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I asked the following question yesterday but it didn't get much attention due to the fact that I didn't really include any details about my actual problem.

Eclipse:Using UTF-8 encoding in the text editor make the Strings not work properly, how can I fix that?

I will try to analyze my problem as much as possible in order to give you a clear insight on what's going on.

I have a university project where I am supposed to implement the Simplified DES algorithm for educational purposes. This algorithm is an encryption algorithm which uses a 10 bit key in order to encrypt 8 bit data.

In the implementation I wanted to include encrypting any String.

So I wrote the code for the encryption of 8 bits and it worked perfectly fine for all kinds of inputs. In order to include String encryption support I used the function String.getBytes(), saved all the bytes of the String inside a variable byte[] data

and then I followed this logic:

int i;
for(i=0; i< data.length; i++)
    data[i] = encrypt(data[i]);

and for decryption I followed this logic:

int i;
for(i=0; i< data.length; i++)
    data[i] = encrypt(data[i]);

Here is the actual code in the main function

public static void main(String[] args){

    short K = (short) Integer.parseInt("1010010001",2);
    SDEncryption sdes = new SDEncryption(K); //K is the 10 bit key

    String test = "INFO BOB 57674";

    //let's encrypt the String test
    String enc = sdes.encrypt(test.getBytes());

    //let's decrypt the encrypted String of the initial String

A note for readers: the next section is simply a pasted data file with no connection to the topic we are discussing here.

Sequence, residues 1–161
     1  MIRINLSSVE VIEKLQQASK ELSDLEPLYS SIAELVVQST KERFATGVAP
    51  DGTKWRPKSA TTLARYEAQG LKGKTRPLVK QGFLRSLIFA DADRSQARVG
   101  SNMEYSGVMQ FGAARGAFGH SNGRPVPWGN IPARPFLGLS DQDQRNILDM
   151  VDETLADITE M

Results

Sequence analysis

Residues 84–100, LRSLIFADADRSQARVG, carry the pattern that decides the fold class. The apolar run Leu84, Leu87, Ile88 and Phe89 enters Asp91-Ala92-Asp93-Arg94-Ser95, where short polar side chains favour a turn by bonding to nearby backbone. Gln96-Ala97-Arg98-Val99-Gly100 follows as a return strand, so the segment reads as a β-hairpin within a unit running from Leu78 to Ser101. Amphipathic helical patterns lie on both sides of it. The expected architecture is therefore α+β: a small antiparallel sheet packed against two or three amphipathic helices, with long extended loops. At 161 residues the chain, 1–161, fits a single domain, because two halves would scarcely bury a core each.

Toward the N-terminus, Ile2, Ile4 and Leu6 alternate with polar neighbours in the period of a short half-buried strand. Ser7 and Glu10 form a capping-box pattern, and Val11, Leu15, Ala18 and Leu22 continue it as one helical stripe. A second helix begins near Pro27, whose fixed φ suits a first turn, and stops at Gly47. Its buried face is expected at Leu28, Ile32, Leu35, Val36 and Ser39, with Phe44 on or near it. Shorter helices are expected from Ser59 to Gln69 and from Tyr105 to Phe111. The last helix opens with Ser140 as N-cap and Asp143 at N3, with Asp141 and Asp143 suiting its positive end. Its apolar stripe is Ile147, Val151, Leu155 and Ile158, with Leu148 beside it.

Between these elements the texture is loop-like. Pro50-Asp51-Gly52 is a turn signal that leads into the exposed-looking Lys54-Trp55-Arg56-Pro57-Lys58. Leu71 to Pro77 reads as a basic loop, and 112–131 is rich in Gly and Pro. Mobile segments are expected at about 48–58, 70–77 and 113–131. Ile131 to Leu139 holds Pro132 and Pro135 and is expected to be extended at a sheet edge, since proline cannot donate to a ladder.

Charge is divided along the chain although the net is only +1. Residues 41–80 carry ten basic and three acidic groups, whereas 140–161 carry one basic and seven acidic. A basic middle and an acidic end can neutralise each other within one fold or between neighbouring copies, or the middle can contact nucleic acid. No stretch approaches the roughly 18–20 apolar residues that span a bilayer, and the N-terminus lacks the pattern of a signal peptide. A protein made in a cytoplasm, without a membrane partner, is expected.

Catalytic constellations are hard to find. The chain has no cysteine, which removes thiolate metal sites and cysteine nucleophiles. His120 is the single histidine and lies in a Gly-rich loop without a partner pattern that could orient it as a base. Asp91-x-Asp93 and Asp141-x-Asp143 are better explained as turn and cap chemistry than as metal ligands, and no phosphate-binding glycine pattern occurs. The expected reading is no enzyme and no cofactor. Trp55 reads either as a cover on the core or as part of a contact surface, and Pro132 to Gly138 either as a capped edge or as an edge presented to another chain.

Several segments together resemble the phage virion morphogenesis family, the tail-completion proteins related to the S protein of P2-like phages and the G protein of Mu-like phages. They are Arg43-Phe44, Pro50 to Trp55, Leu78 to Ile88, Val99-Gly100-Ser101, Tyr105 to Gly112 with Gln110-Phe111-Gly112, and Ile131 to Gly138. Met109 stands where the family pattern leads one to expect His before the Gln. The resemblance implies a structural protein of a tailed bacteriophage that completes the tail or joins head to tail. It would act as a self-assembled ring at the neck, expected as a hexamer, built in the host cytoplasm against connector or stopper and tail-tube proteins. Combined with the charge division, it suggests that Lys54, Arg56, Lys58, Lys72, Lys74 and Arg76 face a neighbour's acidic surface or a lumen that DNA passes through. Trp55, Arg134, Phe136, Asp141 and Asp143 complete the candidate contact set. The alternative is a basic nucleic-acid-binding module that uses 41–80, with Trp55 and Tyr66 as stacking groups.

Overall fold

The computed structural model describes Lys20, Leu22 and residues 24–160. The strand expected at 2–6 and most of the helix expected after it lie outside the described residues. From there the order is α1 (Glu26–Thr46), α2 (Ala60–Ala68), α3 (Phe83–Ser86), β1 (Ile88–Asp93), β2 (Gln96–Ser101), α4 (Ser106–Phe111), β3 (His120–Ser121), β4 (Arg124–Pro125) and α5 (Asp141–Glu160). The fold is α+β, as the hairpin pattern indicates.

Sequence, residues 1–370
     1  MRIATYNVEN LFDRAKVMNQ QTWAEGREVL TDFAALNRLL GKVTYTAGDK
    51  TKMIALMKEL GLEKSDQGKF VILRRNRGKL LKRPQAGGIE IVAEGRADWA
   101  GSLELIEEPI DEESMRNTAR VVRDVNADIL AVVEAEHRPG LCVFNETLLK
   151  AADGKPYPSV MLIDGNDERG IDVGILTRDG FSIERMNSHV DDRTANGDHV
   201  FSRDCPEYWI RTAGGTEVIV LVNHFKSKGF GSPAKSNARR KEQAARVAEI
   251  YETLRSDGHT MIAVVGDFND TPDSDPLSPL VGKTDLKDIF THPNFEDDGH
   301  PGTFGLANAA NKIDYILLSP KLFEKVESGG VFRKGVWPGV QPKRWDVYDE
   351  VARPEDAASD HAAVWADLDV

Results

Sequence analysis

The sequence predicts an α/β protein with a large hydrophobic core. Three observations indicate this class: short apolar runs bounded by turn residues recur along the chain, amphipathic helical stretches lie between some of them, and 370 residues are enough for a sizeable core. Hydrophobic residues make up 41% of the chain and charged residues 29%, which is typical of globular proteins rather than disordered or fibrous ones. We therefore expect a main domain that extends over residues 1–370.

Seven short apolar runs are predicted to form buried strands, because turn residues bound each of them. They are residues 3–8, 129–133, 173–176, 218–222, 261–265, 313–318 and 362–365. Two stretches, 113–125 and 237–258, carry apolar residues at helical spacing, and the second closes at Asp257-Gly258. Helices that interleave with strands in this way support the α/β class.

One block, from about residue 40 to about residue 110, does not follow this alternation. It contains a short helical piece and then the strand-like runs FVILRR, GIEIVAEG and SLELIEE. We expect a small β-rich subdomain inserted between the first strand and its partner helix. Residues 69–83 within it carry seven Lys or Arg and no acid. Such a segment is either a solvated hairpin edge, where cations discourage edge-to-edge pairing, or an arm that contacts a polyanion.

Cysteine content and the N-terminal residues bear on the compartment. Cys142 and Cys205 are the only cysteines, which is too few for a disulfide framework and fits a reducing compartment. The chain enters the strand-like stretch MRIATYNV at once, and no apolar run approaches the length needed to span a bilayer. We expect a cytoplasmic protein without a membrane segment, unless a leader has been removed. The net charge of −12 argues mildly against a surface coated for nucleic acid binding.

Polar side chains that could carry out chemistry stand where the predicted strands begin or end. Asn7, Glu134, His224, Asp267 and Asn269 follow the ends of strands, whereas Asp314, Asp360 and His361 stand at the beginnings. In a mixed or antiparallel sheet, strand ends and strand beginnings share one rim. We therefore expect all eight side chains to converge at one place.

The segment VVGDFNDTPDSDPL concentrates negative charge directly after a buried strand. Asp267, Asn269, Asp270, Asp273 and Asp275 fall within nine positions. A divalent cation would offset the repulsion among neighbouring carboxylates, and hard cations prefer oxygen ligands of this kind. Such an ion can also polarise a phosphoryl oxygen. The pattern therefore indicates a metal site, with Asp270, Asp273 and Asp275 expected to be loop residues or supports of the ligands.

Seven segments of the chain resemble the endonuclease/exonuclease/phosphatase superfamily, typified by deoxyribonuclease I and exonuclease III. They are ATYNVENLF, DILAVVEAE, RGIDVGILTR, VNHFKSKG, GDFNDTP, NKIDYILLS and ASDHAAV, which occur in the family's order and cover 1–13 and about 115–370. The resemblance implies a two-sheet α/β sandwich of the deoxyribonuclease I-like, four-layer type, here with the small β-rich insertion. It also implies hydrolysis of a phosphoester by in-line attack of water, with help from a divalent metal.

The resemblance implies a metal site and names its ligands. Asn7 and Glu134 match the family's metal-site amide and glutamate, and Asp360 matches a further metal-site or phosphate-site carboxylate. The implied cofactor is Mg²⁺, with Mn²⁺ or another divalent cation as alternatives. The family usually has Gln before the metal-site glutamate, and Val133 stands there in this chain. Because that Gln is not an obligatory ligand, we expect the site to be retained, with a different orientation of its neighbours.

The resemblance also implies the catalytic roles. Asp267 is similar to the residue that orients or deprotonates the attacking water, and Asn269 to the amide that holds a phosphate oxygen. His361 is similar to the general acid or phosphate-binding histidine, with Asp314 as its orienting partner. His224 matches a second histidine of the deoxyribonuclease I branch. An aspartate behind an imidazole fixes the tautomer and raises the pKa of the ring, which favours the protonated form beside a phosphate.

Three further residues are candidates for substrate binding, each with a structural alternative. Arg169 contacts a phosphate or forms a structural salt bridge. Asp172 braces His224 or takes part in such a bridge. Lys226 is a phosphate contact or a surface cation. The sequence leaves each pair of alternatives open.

String dec = sdes.decrypt(enc.getBytes());
}

By using the default encoding which is Cp1252. I tried to encrypt the String and got the following results:

Initial Text: INFO BOB 57674
Encrypted Text: ÅO [áa[aá»j×jt
Decrypted Text: INFO BOB 57674

In order to see the actual bit representation each time I encrypt and decrypt the data I created the following function in order to display all the data of each String:

public void show(byte[] data){
    //εμφάνιση των 
    //note how the Greek letters aren't displayed at all under Cp1252

    int i;
    for(i=0;i<data.length;i++){

        short mask = (short) (1<<7); //10000000
        while(mask>0){
            if((data[i]&mask) == 0)
                System.out.print("0");
            else
                System.out.print("1");

            mask = (short) (mask >> 1);
        }
        if(i < data.length - 1){

            System.out.print(" ");
        }
    }
    System.out.println();
}

So I got the following results:

Initial Text(binary): 01001001 01001110 01000110 01001111 00100000 01000010 01001111 01000010 00100000 00110101 00110111 00110110 00110111 00110100
Encrypted Text(binary): 11000101 01001111 00100000 01011011 11100001 01100001 01011011 01100001 11100001 10111011 01101010 11010111 01101010 01110100
Decrypted Text(binary): 01001001 01001110 01000110 01001111 00100000 01000010 01001111 01000010 00100000 00110101 00110111 00110110 00110111 00110100

Seems like everything is working as expected. In order to support Greek letters in the code editor though, I had to change the encoding to be UTF-8.

After running everything again, I got the following results:

Initial Text: INFO BOB 57674
Encrypted Text: �O [�a[a�j�jt
Decrypted Text: ���NFO���BOB���7���74

Notice how some words of the decrypted text are displayed correctly, for example NFO and BOB. It seems to me as if there's some kind of problems with the bit manipulation, as if Eclipse doesn't recognize a sequence of bits which follows the rules of UTF-8.